Real-time Video Is Off To The Races

Vincent: “I got a threshold, Jules. I got a threshold for the abuse that I will take. Now, right now, I’m a f*&!kin’ race car, right and you got me in the red. And I’m just sayin’, I’m just sayin’ that it’s f*&$!in’ dangerous to have a race car in the f*&!kin red. That’s all, I could blow.”

Jules: “Oh! Oh! You are ready to blow?”

Vincent: “Yeah, I’m ready to blow.”

— John Travolta and Samuel L. Jackson in “Pulp Fiction”

“Pulp Fiction” had many great scenes between Jules and Vincent in Quentin Tarantino’s classic film. In the above scene, Vincent, played by Travolta, talks about being in the red (that red part of the tachometer on your dashboard that you never get to), the danger zone. 



The past few weeks, the race for dominance in the real-time video feed space resembles a couple of race cars in the red zone — full acceleration mode. I’m referring to Meerkat and Periscope. Both of these apps enable real-time streaming broadcasts from your iPhone, for now, (sorry Android users) to a captive audience around town or around the world. Much the same way we use Twitter to instantly broadcast life moments or whatever you like, Meerkat and Periscope take the instant broadcast from 140 characters to a live, streaming broadcast. Now it’s not about how many followers you have, it’s how many followers are on your live stream — right now!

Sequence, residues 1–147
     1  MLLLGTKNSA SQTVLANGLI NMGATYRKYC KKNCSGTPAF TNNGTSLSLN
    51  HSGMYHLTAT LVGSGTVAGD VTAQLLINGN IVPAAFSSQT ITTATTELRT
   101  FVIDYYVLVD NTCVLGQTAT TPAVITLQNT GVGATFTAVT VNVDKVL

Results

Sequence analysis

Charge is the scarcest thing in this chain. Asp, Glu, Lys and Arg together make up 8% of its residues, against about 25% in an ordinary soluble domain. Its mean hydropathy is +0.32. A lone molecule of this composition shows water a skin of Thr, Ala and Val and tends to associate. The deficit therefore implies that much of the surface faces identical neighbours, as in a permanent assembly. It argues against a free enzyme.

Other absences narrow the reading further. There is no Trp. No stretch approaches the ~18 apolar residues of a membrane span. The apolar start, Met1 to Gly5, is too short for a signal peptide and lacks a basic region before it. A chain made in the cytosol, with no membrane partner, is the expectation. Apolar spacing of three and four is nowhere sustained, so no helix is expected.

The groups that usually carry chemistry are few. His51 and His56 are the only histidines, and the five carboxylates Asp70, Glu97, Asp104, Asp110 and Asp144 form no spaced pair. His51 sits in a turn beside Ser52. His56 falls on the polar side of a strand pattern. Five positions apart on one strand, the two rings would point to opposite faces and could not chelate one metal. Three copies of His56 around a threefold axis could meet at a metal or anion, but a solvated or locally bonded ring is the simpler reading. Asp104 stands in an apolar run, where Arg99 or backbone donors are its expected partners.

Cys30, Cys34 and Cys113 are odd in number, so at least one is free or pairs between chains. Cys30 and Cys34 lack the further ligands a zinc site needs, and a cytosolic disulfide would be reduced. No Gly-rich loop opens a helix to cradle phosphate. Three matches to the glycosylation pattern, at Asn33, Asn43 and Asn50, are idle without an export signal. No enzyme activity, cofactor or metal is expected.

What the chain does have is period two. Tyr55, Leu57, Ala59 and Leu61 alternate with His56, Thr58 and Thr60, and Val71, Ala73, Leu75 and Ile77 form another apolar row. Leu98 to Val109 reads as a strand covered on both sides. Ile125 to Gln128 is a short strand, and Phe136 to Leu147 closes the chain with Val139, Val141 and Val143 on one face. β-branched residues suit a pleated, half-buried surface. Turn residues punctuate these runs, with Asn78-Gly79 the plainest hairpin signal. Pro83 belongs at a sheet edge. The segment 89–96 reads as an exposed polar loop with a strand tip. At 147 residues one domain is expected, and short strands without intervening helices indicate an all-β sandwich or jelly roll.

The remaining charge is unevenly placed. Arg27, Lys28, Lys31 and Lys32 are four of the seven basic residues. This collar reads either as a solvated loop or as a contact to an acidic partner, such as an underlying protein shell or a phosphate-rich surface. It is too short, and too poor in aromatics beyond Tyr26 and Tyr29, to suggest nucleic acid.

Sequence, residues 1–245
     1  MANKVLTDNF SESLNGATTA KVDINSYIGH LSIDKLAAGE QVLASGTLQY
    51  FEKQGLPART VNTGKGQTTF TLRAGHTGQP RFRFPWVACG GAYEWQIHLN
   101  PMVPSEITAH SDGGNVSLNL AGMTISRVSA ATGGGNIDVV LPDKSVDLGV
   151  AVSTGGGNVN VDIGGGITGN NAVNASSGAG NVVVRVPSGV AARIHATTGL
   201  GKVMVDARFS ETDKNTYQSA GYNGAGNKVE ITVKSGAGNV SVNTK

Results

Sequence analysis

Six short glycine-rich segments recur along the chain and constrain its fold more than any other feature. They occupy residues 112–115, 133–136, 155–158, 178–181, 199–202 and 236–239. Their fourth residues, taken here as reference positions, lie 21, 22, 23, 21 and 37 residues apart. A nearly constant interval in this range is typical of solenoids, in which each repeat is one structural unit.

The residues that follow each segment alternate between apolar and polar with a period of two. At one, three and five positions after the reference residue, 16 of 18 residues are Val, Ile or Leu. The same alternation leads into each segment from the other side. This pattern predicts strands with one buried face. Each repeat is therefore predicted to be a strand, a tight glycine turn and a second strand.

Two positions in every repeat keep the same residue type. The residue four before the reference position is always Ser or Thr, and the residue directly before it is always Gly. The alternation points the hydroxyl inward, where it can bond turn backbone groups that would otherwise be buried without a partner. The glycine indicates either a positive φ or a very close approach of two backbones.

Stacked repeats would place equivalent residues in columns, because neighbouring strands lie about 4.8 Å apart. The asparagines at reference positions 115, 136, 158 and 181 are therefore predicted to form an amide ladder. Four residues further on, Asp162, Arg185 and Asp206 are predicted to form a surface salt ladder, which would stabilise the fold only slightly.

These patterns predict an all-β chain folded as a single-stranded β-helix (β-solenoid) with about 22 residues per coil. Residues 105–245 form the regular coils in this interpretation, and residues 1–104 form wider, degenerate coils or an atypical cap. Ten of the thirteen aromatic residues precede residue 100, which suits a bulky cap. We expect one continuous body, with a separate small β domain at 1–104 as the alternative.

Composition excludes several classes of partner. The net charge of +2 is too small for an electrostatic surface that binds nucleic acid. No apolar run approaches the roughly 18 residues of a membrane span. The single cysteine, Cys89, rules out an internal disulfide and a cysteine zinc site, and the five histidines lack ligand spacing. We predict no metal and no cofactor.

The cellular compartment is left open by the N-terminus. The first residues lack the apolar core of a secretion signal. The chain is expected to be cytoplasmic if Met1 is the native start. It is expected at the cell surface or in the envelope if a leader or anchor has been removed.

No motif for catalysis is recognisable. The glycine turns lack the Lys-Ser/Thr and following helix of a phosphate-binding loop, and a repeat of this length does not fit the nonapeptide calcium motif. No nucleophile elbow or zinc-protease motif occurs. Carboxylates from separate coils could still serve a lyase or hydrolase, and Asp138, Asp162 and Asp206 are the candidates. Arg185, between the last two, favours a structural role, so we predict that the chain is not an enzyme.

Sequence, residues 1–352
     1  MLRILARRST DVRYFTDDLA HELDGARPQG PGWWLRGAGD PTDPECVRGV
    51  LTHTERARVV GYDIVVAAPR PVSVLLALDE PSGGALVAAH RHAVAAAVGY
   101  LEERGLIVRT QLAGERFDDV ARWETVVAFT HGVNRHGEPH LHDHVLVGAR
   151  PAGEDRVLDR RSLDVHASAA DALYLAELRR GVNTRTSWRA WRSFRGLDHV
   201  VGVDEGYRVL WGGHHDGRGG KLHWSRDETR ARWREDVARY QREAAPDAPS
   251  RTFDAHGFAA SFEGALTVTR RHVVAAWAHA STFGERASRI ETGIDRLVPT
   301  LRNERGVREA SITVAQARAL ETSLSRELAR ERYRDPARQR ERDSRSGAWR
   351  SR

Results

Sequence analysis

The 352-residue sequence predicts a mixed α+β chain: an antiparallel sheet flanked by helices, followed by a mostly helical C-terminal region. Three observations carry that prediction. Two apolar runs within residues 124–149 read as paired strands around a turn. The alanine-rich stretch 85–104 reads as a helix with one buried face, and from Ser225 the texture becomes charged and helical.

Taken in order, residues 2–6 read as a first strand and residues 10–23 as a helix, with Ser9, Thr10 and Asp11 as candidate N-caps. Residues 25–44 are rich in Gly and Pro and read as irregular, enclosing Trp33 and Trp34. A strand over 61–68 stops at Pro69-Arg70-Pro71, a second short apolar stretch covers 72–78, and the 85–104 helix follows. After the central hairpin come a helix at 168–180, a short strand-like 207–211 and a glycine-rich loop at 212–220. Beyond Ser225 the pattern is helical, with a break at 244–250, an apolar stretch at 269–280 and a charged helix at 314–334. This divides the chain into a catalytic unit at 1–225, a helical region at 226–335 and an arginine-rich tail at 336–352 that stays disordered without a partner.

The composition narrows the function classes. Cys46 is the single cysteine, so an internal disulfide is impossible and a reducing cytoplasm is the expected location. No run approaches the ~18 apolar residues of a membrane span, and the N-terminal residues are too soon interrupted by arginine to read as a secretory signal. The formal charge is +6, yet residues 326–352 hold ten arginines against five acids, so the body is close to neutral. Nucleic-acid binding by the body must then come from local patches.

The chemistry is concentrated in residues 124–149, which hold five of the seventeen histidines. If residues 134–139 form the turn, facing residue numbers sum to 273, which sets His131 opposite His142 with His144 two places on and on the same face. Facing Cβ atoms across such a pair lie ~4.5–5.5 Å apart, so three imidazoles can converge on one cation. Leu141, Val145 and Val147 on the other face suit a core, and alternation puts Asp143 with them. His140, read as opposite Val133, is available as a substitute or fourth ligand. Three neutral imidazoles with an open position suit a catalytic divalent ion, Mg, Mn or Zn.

Meerkat popped up to the market, launching on Feb. 27 and on its initial weekend had over 8,000 users trying out the service and roughly 3,000 video streams. From there, Meerkat was off to the races, picking up lots of mentions on Twitter, across the social graph and landing a lot of tech press attention as the shiny new thing. If you were following SXSW updates, you probably saw or even streamed several Meerkat streams. 

While Meerkat was capturing all the spotlight, another video streaming app, Periscope, was 10 feet from stardom and getting ready to launch. Periscope had been in private beta for a while and had already been acquired by Twitter in January. Two weeks after Meerkat launched, Twitter pulled back the curtain on Periscope and it launched. And with that launch, the race to acquire users between these two apps has been in full throttle. 

Meerkat and Periscope work in much the same way. The biggest difference between the apps is that Meerkat “likes” and comments show up in your Twitter profile, while Periscope keeps the engagement within the app. 

As a marketer, why should you care about this?  Because these are two fast-moving and fast-growing platforms that will most likely develop into mainstay platforms for engaging with your audience — much the same way Snapchat has done over the past couple of years. My hunch is that Meerkat and Periscope will grow users/audience faster than Snapchat did and advertising solutions will quickly follow. In fact, earlier this week on Tuesday, Madonna premiered her new music video, “Ghosttown,” on Meerkat.

Unfortunately for Meerkat, the premiere was a disaster with the video failing. Congrats to Meerkat for snagging Madonna and taking a gamble on crashing their service with a flash crowd. Twitter still has flash crowds that take down the service! And perhaps just as important as the Madonna premiere was Meerkat premiering their deep link within the video that delivered audiences to buy Madonna’s album on iTunes.  While many apps are just getting commerce built into their apps, Meerkat has it weeks after launch. 

At the moment, Meerkat seems to be leading the real-time streaming race. Of course, time will tell. Marketers should take notes at what rapid product development looks like and, as always, start experimenting as early and often as possible.

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